Charles Dickens

She's a long time coming!'

Mr. Britain's better half seemed to be by so very much his better half, that his own moiety of himself was utterly cast away and helpless without her.

'She hadn't much to do, I think,' said Ben. 'There were a few little matters of business after market, but not many. Oh! here we are at last!'

A chaise-cart, driven by a boy, came clattering along the road: and seated in it, in a chair, with a large well-saturated umbrella spread out to dry behind her, was the plump figure of a matronly woman, with her bare arms folded across a basket which she carried on her knee, several other baskets and parcels lying crowded around her, and a certain bright good nature in her face and contented awkwardness in her manner, as she jogged to and fro with the motion of her carriage, which smacked of old times, even in the distance. Upon her nearer approach, this relish of by-gone days was not diminished; and when the cart stopped at the Nutmeg-Grater door, a pair of shoes, alighting from it, slipped nimbly through Mr. Britain's open arms, and came down with a substantial weight upon the pathway, which shoes could hardly have belonged to any one but Clemency Newcome.

In fact they did belong to her, and she stood in them, and a rosy comfortable-looking soul she was: with as much soap on her glossy face as in times of yore, but with whole elbows now, that had grown quite dimpled in her improved condition.

'You're late, Clemmy!' said Mr. Britain.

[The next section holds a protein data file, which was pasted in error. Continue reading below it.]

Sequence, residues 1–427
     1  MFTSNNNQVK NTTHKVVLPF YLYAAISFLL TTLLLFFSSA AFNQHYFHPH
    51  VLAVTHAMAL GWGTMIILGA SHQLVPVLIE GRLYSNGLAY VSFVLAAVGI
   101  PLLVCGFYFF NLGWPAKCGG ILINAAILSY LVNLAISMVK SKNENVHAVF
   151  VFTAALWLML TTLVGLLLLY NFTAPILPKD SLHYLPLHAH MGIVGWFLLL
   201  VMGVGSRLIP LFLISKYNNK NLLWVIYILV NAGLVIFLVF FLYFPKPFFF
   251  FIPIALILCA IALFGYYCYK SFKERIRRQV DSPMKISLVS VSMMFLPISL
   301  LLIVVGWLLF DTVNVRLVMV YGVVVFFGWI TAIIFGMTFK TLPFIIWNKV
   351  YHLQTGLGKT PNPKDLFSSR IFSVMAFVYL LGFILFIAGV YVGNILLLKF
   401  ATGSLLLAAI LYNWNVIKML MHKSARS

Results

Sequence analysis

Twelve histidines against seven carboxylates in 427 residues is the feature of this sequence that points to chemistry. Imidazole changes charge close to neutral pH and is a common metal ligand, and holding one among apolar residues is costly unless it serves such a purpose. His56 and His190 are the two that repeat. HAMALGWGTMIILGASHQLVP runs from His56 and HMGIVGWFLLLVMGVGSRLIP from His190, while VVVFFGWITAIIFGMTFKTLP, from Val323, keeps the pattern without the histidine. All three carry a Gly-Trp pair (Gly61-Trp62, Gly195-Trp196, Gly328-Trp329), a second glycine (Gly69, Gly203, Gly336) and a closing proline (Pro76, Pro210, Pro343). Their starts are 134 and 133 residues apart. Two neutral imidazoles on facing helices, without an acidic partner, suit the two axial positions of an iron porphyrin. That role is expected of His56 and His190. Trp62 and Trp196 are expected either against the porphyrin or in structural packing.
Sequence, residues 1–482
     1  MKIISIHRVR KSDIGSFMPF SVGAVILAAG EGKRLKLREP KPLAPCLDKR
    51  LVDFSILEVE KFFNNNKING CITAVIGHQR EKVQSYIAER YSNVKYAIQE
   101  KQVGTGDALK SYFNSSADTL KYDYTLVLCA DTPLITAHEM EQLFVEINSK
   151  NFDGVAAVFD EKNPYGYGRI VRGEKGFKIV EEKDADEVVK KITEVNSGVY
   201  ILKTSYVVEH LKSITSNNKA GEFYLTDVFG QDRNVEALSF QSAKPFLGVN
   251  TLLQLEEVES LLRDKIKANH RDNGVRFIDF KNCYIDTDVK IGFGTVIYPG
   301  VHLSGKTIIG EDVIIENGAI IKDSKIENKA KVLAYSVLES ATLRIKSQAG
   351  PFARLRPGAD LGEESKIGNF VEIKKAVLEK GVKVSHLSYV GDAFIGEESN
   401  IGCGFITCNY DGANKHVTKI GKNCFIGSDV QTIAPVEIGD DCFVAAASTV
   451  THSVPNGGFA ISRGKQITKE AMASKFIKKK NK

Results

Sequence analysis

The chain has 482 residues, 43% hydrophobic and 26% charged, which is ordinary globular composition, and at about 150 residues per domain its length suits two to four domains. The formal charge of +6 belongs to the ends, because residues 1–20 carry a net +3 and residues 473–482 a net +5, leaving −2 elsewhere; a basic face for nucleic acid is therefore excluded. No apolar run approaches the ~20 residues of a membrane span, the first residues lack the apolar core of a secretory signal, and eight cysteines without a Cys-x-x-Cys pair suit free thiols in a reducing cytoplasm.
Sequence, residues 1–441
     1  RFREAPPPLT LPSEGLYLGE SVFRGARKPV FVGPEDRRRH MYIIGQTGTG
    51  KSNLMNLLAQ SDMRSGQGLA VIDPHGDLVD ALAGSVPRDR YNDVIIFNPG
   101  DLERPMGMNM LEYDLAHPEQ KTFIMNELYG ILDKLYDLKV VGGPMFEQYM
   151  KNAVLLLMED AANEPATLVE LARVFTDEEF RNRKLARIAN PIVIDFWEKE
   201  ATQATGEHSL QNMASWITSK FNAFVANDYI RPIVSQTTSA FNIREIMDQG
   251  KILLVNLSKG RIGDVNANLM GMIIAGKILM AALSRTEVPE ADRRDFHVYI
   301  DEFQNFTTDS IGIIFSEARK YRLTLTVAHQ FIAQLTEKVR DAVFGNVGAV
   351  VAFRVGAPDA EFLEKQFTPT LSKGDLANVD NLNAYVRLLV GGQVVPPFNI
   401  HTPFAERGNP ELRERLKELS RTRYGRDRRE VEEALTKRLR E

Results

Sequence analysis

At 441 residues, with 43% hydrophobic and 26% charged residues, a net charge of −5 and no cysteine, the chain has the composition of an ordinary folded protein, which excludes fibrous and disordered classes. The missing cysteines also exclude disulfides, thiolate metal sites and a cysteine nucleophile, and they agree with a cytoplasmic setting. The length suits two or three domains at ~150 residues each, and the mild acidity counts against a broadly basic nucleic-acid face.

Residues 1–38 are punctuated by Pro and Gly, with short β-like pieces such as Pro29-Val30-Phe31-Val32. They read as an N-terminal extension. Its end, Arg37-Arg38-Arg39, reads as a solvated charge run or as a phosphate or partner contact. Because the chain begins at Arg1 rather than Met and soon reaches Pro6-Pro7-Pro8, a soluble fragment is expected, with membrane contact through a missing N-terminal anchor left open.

'Why, you see, Ben, I've had a deal to do!' she replied, looking busily after the safe removal into the house of all the packages and baskets: 'eight, nine, ten - where's eleven? Oh! my basket's eleven! It's all right. Put the horse up, Harry, and if he coughs again give him a warm mash to-night. Eight, nine, ten. Why, where's eleven? Oh! forgot, it's all right. How's the children, Ben?'

'Hearty, Clemmy, hearty.'

'Bless their precious faces!' said Mrs. Britain, unbonneting her own round countenance (for she and her husband were by this time in the bar), and smoothing her hair with her open hands. 'Give us a kiss, old man!'

Mr. Britain promptly complied.

'I think,' said Mrs. Britain, applying herself to her pockets and drawing forth an immense bulk of thin books and crumpled papers: a very kennel of dogs'-ears: 'I've done everything. Bills all settled - turnips sold - brewer's account looked into and paid - 'bacco pipes ordered - seventeen pound four, paid into the Bank - Doctor Heathfield's charge for little Clem - you'll guess what that is - Doctor Heathfield won't take nothing again, Ben.'

'I thought he wouldn't,' returned Ben.

'No. He says whatever family you was to have, Ben, he'd never put you to the cost of a halfpenny. Not if you was to have twenty.'

Mr. Britain's face assumed a serious expression, and he looked hard at the wall.

'An't it kind of him?' said Clemency.

'Very,' returned Mr. Britain. 'It's the sort of kindness that I wouldn't presume upon, on any account.'

'No,' retorted Clemency. 'Of course not. Then there's the pony - he fetched eight pound two; and that an't bad, is it?'

'It's very good,' said Ben.

'I'm glad you're pleased!' exclaimed his wife. 'I thought you would be; and I think that's all, and so no more at present from yours and cetrer, C. Britain. Ha ha ha! There! Take all the papers, and lock 'em up. Oh! Wait a minute. Here's a printed bill to stick on the wall. Wet from the printer's. How nice it smells!'

'What's this?' said Ben, looking over the document.

'I don't know,' replied his wife. 'I haven't read a word of it.'

'"To be sold by Auction,"' read the host of the Nutmeg-Grater, '"unless previously disposed of by private contract."'

'They always put that,' said Clemency.

'Yes, but they don't always put this,' he returned. 'Look here, "Mansion," &c. - "offices," &c., "shrubberies," &c., "ring fence," &c. "Messrs. Snitchey and Craggs," &c., "ornamental portion of the unencumbered freehold property of Michael Warden, Esquire, intending to continue to reside abroad"!'

'Intending to continue to reside abroad!' repeated Clemency.